“It’s not unlikely that this youngster will hold us up to ridicule,” was the opinion of the men and of the older women. “What if he should run away with me?” was more or less in the minds of the younger ladies, married or unmarried.
As soon as the polonaise was over and the couples after bowing to one another had separated — the women into one group and the men into another — Zavalshevski, proud and happy, introduced the count to their hostess.
The marshal’s wife, feeling an inner trepidation lest this hussar should treat her in some scandalous manner before everybody, turned away haughtily and contemptuously as she said, “Very pleased, I hope you will dance,” and then gave him a distrustful look that said, “Now, if you offend a woman it will show me that you are a perfect villain.” The count however soon conquered her prejudices by his amiability, attentive manner, and handsome gay appearance, so that five minutes later the expression on the face of the Marshal’s wife told the company: “I know how to manage such gentlemen. He immediately understood with whom he had to deal, and now he’ll be charming to me for the rest of the evening.” Moreover at that moment the governor of the town, who had known the count’s father, came up to him and very affably took him aside for a talk, which still further calmed the provincial public and raised the count in its estimation. After that Zavalshevski introduced the count to his sister, a plump young widow whose large black eyes had not left the count from the moment he entered. The count asked her to dance the waltz the band had just commenced, and the general prejudice was finally dispersed by the masterly way in which he danced.
“What a splendid dancer!” said a fat landed proprietress, watching his legs in their blue riding-breeches as they flitted across the room, and mentally counting “one, two, three — one, two, three — splendid!”
“There he goes — jig, jig, jig,” said another, a visitor in the town whom local society did not consider genteel. “How does he manage not to entangle his spurs? Wonderfully clever!”
The count’s artistic dancing eclipsed the three best dancers of the province: the tall fair-haired adjutant of the governor, noted for the rapidity with which he danced and for holding his partner very close to him; the cavalryman, famous for the graceful swaying motion with which he waltzed and for the frequent but light tapping of his heels; and a civilian, of whom everybody said that thought he was not very intellectual he was a first-rate dancer and the soul of every ball. In fact, from its very commencement this civilian would ask all the ladies in turn to dance, in the order in which they were sitting, and never stopped for a moment except occasionally to wipe the perspiration from his weary but cheerful face with a very wet cambric handkerchief. The count eclipsed them all and danced with the three principal ladies: the tall one, rich, handsome, stupid; the one of middle height, thin and not very pretty but splendidly dressed; and the little one, who was plain but very clever. He danced with others too — with all the pretty ones, and there were many of these — but it was Zavalshevski’s sister, the little widow, who pleased him best. With her he danced a quadrille, and ecossaise, and a mazurka. When they were sitting down during the quadrille he began paying her many compliments; comparing her to Venus and Diana, to a rose, and to some other flower. But all these compliments only made the widow bend her white neck, lower her eyes and look at her white muslin dress, or pass her fan from hand to hand. But when she said “Don’t, you’re only joking, Count,” and other words to that effect, there was a note of such naïve simplicity and amusing silliness in her slightly guttural voice that looking at her it really seemed that this was not a woman but a flower, and not a rose, but some gorgeous scentless rosy-white wild flower that had grown all alone out of a snowdrift in some very remote land.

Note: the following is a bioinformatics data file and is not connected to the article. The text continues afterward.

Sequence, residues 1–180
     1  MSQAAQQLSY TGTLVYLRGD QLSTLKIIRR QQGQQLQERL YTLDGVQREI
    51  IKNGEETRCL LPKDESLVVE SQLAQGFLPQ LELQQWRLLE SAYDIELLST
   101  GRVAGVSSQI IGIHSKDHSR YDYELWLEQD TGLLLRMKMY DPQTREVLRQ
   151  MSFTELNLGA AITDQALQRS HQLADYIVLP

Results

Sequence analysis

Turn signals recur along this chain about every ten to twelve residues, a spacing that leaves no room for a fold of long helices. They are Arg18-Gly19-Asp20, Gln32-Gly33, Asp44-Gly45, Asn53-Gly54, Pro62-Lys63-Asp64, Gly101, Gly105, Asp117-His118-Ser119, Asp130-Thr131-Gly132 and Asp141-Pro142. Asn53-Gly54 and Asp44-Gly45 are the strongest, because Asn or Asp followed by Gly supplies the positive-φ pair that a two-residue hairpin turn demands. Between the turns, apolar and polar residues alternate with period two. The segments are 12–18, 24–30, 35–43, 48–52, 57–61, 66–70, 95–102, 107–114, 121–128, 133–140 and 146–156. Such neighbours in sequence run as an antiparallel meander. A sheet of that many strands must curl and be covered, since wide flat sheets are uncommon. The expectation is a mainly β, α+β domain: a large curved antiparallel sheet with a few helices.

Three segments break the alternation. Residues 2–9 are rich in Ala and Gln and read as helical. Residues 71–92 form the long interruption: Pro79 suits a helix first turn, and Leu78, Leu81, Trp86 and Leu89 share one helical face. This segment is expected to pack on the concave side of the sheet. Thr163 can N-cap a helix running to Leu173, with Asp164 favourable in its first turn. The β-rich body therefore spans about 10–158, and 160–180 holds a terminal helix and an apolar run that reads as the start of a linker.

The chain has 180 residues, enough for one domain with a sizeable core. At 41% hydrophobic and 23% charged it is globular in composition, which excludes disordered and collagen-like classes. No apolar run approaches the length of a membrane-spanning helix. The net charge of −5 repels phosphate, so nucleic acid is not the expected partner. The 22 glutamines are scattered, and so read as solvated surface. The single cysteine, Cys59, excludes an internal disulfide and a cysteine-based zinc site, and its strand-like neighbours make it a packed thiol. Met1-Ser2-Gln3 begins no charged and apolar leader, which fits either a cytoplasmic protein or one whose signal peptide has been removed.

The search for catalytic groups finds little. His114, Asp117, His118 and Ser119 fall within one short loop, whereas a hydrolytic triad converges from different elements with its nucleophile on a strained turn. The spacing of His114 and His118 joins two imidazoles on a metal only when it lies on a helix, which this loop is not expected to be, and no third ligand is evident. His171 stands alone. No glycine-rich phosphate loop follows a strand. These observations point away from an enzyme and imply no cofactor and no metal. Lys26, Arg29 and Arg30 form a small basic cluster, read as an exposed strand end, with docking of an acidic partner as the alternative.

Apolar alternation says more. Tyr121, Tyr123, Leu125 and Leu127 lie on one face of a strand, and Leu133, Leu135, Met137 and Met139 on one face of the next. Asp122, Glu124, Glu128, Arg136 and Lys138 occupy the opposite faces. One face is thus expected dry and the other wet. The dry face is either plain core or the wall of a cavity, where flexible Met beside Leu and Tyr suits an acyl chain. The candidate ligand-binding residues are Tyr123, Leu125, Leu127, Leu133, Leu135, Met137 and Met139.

This combination of naivete and unconventionality with her fresh beauty created such a peculiar impression on the count that several times during the intervals of conversation, when gazing silently into her eyes or at the beautiful outline of her neck and arms, the desire to seize her in his arms and cover her with kisses assailed him with such force that he had to make a serious effort to resist it. The widow noticed with pleasure the effect she was producing, yet something in the count’s behaviour began to frighten and excite her, though the young hussar, despite his insinuating amiability, was respectful to a degree that in our days would be considered cloying. He ran to fetch almond-milk for her, picked up her handkerchief, snatched a chair from the hands of a scrofulous young squire who danced attendance onher to hand it her more quickly, and so forth.